By Charley Keyes
WikiLeaks founder Julian Assange has been 4,000 miles away from the military courtroom where Army prosecutors have rolled out their espionage case against Pfc. Bradley Manning.
But Assange's name has come up repeatedly and his lawyers have been in the third row of the spectator pews in the Fort Meade, Maryland, courthouse, listening to as much as they can and fighting to gain additional access.
It is one of the bizarre legal twists in this complicated case that the man responsible for posting the secrets Manning allegedly stole is fighting to be able to listen in, through his lawyers, to details of the leaked documents.
The government still considers those documents so secret that it repeatedly closes the courtroom to journalists and the public, and holds many discussions in the judge's chambers.
Army officials testifying at Manning's Article 32 hearing this week said they had found Assange's name and contact information for him and WikiLeaks on computers used by Manning in Iraq. And an Army expert said investigators had found a log of computer chats between Manning and Assange.The legal sparring on the sidelines between the government and Assange is a sneak preview of sorts as to how any eventual case against Assange himself might play out.
The New York-based Center for Constitutional Rights keeps trying to gain entry to those closed-door sessions in the Manning case and has filed two appeals to the Army. Assange's lawyer, Jennifer Robinson, has been allowed in the courtroom but must leave when the government wants to discuss classified material.
Meanwhile, the U.S. government is quietly pursuing a separate case against Assange in a grand jury, and his lawyers say that's why Assange needs all the information he can about the case against Manning.
The Army Court of Criminal Appeals denied the Assange lawyers' request to have Manning's preliminary hearing halted or to see and hear all the evidence, including that judged to be classified. The lawyers were given the same access as journalists and the general public.
In the court filing, the lawyers said Assange needs to know what allegations the government is making against him.
"Mr. Assange and WikiLeaks need to know what those allegations may include in order to ensure the proceedings are as open, honest and transparent as possible," the writ said.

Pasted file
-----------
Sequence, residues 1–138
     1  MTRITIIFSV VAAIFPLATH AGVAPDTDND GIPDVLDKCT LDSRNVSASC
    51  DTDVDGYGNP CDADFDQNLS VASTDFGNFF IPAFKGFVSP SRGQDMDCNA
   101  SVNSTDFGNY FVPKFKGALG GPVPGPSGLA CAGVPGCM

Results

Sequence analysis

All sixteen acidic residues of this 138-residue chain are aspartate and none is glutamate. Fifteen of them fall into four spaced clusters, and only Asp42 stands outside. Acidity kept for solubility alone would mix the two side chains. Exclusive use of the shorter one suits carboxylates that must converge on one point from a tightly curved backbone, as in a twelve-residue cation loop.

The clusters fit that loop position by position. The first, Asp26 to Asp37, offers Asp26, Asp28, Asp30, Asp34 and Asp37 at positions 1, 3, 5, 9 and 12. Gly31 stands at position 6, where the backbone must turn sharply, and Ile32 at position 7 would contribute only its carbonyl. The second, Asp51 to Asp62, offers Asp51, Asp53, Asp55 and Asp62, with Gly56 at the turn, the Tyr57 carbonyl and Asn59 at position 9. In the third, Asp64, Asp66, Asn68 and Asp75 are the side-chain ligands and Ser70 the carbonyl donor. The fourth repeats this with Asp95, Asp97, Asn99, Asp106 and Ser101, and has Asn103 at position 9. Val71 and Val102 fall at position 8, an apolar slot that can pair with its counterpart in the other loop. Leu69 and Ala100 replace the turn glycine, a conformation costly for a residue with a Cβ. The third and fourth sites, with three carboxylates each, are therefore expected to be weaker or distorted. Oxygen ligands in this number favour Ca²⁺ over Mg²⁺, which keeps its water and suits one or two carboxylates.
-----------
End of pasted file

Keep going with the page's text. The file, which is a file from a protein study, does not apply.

"Factual assertions made in the proceedings may well be erroneous, and counsel for WikiLeaks and Mr. Assange are in the best position to evaluate them and promptly correct the record as may be necessary to prevent further substantial prejudice to Private Manning and to protect the interests of Mr. Assange, WikiLeaks and their supporters in connection with those proceedings and other ongoing or possible future proceedings here and abroad, including the grand jury investigation and any threatened prosecution of Mr. Assange as well as a request for his extradition to the United States."
Assange remains in Britain fighting extradition to Sweden on sex-related charges. No charges have been filed in the United States.
The Center for Constitutional Rights says it may file additional appeals with the Army court seeking access and pointing out what the center's legal director, Baher Azmy, called "inadequacies of the process."
Azmy says the Manning and Aasange cases can't be considered separately. "They are inextricably entwined," Azmy said in a telephone interview. "People who are trying to extradite and prosecute Assange have access to the proceedings and so
The center says its attorney with a security clearance should be allowed to see all the evidence in the Manning case, "to evaluate whether information was improperly deemed classified in order to conceal evidence of illegality or prevent embarrassment to the executive branch."
CNN's Security Clearance examines national and global security, terrorism and intelligence, as well as the economic, military, political and diplomatic effects of it around the globe, with contributions from CNN's national security team in Washington and CNN journalists around the world.